Thursday, January 01, 2009

The last letter from my great-great-grandmother

I came across the following letter at my late grandmother's house. I wanted to preserve the text online, so it wouldn't be forgotten. It was written by my great-great-grandmother Hannah Amanda Nash Dyer to my great grandmother Mary Ella Dyer Elliott, the wife of Henry Machen Elliott. I have maintained the line spacing and the spelling and punctuation faithfully from the original.

Letter postmarked Cheneyville, LA, Apr. 16, 1918 at 3 P.M. The three-cent stamp bears the image of George Washington

"My last letter from Mother" is written above the address "Mrs. H.M. Elliott, Pawnee, Louisiana" ("Box 54" is in the lower corner).


Cheneyville, LA
April 16, 1918

Dear daughter,
I need to write
you a few lines this eav.
I am at Marvins cant go
home Jack taken sick
last Saturday eavning about
9 O'clock in the eavning
with a hard chill. his
feevor went to one hundred
an six by 12 or 1 O'clock
Sunday evening at 6 he died.
we are all under Quarien
tined I am so nervous I
cant write to think I am
in such a fix the Doctors will
not let me leave hear
[overleaf blank]

2 [second leaf] until till the
Danger is over I may
never get away. The Lord
knows & dont I hope and
trust he may pray for me and all the reast
that that we may miss
the terrible disease
minnigitis. it is an awful
thing. Marvin Willie
Machen & other men
is gone out through [Bee-
rier?] Creek hills to
burry him at the Paul
grave yard. Could not
carry him to Glenmora
Machen house is under
Quarintine I dont now
how many more

3 [overleaf] George Raborn
has got the Same
disease. Taken it first
The Doctors think maby he
will get well. They have
had 6 Doc with him.
Marvin had two. Jack
died so quick. no chance to
Save him. Marvin called
Machen to get the Doc
he went in had no Idier
what he was getting into
it taken the second Doc to
find out what was the
matter so to day the two
big Army Doctors from
the Hospittle came hear
and taken the marrow from
Jack's Back bone after he

4 [third leaf] had been dead 15 hours
and they came back and
said it was a genuine case
of spinal minnegitis. So
they went to work and
taken evry ones Culture
and we all have to use
a Spray 5 times a day in the
mouth and nose. if that
dont keep it off we will
all bee in an awful bad
fix soon Machen had 2
sick all last week Walter
and Irene Walter is in a
bade shape. poor Mach is
worn out. before Jack got sick if the Doc dont
kill out the germs before
we get sick it is good by

5 [overleaf] I am afraid to severel
of us. I am so nervous I
cant sleep or eat but wee
have got to stay hear live
or die I had no Idier of such
a thing when I left home I
am sorry I left home when
I did Loney[?] was out there
and I came home with him
and now I cant help my
self. Ella if I die there
is money in Lealony[?] Bank
Go after it. Some of it will
bee for you. Mollie and
Baby is hear. Sceard nearly
to death to think my whole
family ecept you are hear
exsposed to such a dreadful
disease & it is awful

6 [fourth leaf] I am sorry for Jennie
and Marvin to have to
give up ther last little Boy
They need him. they will need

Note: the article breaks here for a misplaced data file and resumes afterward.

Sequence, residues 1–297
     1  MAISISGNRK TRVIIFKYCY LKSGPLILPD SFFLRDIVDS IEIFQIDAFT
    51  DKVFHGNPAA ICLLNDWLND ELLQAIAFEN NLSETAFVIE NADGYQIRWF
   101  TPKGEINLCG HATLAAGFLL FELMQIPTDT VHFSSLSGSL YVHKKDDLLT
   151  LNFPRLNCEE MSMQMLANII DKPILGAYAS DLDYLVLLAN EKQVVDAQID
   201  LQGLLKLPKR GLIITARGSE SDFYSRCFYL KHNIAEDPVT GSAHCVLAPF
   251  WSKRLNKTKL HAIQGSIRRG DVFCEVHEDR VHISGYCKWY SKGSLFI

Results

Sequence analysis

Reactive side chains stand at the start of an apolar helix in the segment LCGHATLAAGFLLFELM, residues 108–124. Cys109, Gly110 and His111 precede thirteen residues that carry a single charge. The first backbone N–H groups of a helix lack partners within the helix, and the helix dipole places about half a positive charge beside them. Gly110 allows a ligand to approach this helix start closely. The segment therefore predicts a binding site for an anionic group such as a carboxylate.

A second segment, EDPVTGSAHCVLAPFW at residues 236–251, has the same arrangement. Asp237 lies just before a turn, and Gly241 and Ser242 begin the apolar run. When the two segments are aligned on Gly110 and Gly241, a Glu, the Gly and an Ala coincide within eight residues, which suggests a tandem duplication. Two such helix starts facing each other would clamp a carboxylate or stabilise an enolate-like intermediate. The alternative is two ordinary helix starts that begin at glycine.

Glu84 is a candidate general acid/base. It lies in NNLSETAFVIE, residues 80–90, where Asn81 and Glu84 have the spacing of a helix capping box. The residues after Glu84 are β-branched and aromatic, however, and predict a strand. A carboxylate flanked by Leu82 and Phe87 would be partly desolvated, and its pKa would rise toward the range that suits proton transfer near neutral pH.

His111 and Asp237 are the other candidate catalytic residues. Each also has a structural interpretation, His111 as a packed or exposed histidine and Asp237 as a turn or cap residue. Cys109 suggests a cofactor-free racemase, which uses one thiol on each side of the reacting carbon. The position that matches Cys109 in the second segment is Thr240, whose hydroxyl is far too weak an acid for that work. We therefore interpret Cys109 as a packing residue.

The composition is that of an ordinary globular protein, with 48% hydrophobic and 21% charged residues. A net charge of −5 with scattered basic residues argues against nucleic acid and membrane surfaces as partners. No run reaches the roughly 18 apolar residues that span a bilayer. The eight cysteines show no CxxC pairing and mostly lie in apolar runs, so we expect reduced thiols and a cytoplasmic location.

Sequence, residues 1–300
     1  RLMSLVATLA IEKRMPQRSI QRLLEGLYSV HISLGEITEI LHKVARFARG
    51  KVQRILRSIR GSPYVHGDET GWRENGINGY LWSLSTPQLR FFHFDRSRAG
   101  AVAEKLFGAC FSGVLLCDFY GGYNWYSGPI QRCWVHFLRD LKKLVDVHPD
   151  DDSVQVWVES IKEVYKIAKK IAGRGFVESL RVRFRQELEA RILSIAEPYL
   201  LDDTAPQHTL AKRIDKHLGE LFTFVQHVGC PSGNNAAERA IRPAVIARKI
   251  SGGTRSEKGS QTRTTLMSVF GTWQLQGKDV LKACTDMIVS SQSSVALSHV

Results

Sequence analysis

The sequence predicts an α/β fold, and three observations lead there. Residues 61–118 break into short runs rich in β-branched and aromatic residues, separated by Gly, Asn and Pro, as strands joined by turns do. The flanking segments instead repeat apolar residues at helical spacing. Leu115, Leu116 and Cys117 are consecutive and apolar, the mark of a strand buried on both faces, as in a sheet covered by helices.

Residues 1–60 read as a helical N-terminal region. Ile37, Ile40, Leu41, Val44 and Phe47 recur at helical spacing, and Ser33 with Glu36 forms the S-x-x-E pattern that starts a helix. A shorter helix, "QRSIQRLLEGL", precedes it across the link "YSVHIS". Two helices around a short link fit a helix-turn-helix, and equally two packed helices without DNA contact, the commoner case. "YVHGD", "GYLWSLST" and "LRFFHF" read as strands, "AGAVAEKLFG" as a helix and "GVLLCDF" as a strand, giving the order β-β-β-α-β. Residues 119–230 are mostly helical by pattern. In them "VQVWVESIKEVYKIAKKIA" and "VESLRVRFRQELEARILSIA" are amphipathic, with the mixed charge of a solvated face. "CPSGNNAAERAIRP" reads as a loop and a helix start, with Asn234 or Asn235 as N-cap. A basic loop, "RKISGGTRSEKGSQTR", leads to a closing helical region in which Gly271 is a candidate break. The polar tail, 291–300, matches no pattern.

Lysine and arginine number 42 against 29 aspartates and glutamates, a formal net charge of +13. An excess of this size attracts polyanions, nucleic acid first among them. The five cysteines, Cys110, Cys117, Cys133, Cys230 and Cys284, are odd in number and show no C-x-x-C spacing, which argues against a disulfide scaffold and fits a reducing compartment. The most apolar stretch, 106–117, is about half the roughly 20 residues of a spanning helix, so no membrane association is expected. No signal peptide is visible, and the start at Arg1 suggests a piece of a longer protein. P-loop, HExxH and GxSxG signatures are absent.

his help Jennie said tell
Milton all the schools
near are stoped. There was
an areplane passed over
hear and come to the
ground at Loyd and the
whole Country run to see
rise again it was on the
ground all Knight George
Raborn was there and
taken sick the next day is
the trouble with a good many
it is so bade. if we can
all miss it with the treat-
ment I will thank the

7 [overleaf] Lord the reast of
my days. may the Lord
help us I pray. Ella
I want to see you but
I cant. hope I will
live to see you again
may the Lord be
with us all I pray.
[script changes]
[14 or 17?] well I sleep very well last
eat breakfast. I am going to get out
in the yard to day: get fresh air. if
wee havent got the germ from Jack
I think I think maby the spray
will keep it off hope so. Dr Smith
will let hear this week if any in
the family has got the germ. I will
let you hear soon as I can. Your
Mother Amanda Dyer

This was to be the last letter she wrote to her daughter Ella. Hannah Amanda Nash Dyer died four days later: April 20, 1918. But Machen Dyer, Virginia "Jennie" Kennedy Dyer, and John Marvin Dyer all survived and lived to old age, as did Mollie and Irene. In fact, Marvin was the protagonist in a much more amusing family story I also heard this week, which I would also like to preserve.

It turns out that Marvin Dyer went on to become a deputy sheriff [possibly U.S Marshall] in Glenmora, La. And it also turns out that Ella Dyer Elliott's husband Henry Machen Elliott had a sister Ella Eliza Elliott, who married one Calvin Grantham (pronounced "GRANT-HAM," not "GRAN-them"). "Uncle Calb," as my grandmother called him, was apparently quite a character. He was a short man with bright red hair and a matching red handlebar mustache, who also had a fondness for drink. To a woman, my mom and all of her sisters came up with the same image for the stories they heard of Uncle Calb: Yosemite Sam. Much like Yosemite Sam, Uncle Calb would get roaring drunk on Saturday nights and ride his horse down Main Street shooting a pair of pistols in the air, and Uncle Marvin would be responsible for rounding him up and dragging him to jail to "sleep it off."

For some reason, I find it comforting that the man who had to confront the loss of his child and mother within days of each other ended up being an honest-to-God "white hat" for a small town. I don't think it makes the narrative above any less chilling, but the fact that Marvin went on to be a good man ought to count for something. At least, I hope it does.